Spotlighting everyday objects
This story was featured in the September 2015 issue of Southwest Art magazine. Get the Southwest Art September 2015 print issue or digital download now–then subscribe to Southwest Art and never miss another story!
Popsicles, lollipops, and billiard balls—these are a few of the things that inhabit still-life paintings by Lisa Ober. The Missouri artist is known for bringing a fresh eye to the world of everyday objects. “Still-life painting is freeing, frustrating, and fun,” Ober says. “Subjects can be almost any color, are readily available, don’t move unless I rearrange them, and there is an endless supply of material.”
Ober studied graphic design and illustration at Washington University in St. Louis. During her sophomore year she began painting portraits for extra money. The process was so enjoyable and lucrative that after graduation, rather than enter the “hot” graphic-design field, she continued painting portraits for several decades. Eventually, however, she longed to also work with more color and more control over the final results.
While Ober still paints commissioned portraits today, about 10 years ago she began exploring the still-life genre. To her surprise, not only did she love creating the various tableaux, she soon began selling most everything she painted. Today her pastel and oil still lifes garner kudos and win awards. For two consecutive years Ober has been a winner in the annual Pastel 100 Competition.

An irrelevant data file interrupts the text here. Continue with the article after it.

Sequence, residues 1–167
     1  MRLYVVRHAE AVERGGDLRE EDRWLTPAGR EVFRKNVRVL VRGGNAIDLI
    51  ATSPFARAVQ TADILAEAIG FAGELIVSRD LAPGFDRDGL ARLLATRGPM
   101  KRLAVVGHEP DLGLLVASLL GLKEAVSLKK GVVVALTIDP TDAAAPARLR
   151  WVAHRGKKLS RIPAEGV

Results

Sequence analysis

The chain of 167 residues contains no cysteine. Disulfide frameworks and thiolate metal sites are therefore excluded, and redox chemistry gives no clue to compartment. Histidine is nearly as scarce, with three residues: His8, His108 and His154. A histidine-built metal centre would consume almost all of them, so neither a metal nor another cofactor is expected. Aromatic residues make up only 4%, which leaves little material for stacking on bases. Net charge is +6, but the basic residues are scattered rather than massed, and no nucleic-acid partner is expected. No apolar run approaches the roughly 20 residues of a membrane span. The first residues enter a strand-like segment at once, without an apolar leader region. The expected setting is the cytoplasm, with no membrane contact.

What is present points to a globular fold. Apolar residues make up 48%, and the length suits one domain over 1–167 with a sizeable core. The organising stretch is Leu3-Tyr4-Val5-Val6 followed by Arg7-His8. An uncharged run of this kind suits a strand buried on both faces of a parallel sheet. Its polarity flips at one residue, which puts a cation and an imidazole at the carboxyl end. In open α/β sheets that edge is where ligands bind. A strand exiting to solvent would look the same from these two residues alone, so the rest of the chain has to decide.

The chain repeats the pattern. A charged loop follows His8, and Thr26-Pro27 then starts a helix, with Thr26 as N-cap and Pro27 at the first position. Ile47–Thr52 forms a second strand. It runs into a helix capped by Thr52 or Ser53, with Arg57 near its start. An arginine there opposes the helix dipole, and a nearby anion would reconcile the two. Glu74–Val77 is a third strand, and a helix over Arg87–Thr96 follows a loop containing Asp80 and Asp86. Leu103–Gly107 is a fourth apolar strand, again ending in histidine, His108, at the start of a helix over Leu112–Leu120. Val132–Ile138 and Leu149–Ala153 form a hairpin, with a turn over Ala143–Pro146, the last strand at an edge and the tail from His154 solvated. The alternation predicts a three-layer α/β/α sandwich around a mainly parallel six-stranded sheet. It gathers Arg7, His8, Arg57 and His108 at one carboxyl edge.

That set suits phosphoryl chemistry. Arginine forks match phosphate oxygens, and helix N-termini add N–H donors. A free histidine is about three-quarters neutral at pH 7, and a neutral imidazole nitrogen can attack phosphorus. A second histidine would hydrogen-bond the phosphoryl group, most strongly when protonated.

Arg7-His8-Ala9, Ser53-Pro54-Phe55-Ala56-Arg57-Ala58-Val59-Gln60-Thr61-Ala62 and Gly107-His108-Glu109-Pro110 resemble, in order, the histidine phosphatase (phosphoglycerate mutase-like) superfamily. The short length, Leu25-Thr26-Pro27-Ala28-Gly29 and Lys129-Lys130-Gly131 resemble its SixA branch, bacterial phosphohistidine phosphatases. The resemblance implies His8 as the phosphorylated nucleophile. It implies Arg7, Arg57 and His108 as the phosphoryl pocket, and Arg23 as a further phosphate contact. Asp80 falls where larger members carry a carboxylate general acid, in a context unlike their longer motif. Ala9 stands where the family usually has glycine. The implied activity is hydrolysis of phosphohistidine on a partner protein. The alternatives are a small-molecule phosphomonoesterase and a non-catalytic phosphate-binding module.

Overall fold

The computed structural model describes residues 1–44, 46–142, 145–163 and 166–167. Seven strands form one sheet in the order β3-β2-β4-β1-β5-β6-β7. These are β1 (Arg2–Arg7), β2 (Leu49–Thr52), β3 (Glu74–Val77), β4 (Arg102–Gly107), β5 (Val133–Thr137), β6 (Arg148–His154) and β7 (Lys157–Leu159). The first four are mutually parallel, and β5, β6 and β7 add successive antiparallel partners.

The immediacy of pastel and the purity of its pigments appeal to Ober, and she feels more connected to the creative process when she is gripping a pastel stick rather than a paintbrush. “The pastel is an extension of my hand, and there doesn’t seem to be much distinction between my hand and the surface,” she says. “It’s the perfect medium for those of us who have difficulty delaying gratification. Oil painting requires more patience, but oils have a special depth and richness to them that can’t be duplicated.”
For Ober, paintings can be inspired by a title that suddenly pops into her mind. Or they may originate when an object catches her eye and suggests an intriguing narrative. “Whatever it is that inspires a particular painting, my goal is to generate conversation, make the viewer revisit everyday objects, or be awed, as I am, with what light and color can do,” she says. “And if viewers laugh a little, that is fine, too.” —Bonnie Gangelhoff
OA Gallery, Kirkwood, MO.
Featured in the September 2015 issue of Southwest Art magazine–click below to purchase:
Southwest Art September 2015 print issue or digital download Or subscribe to Southwest Art and never miss a story!
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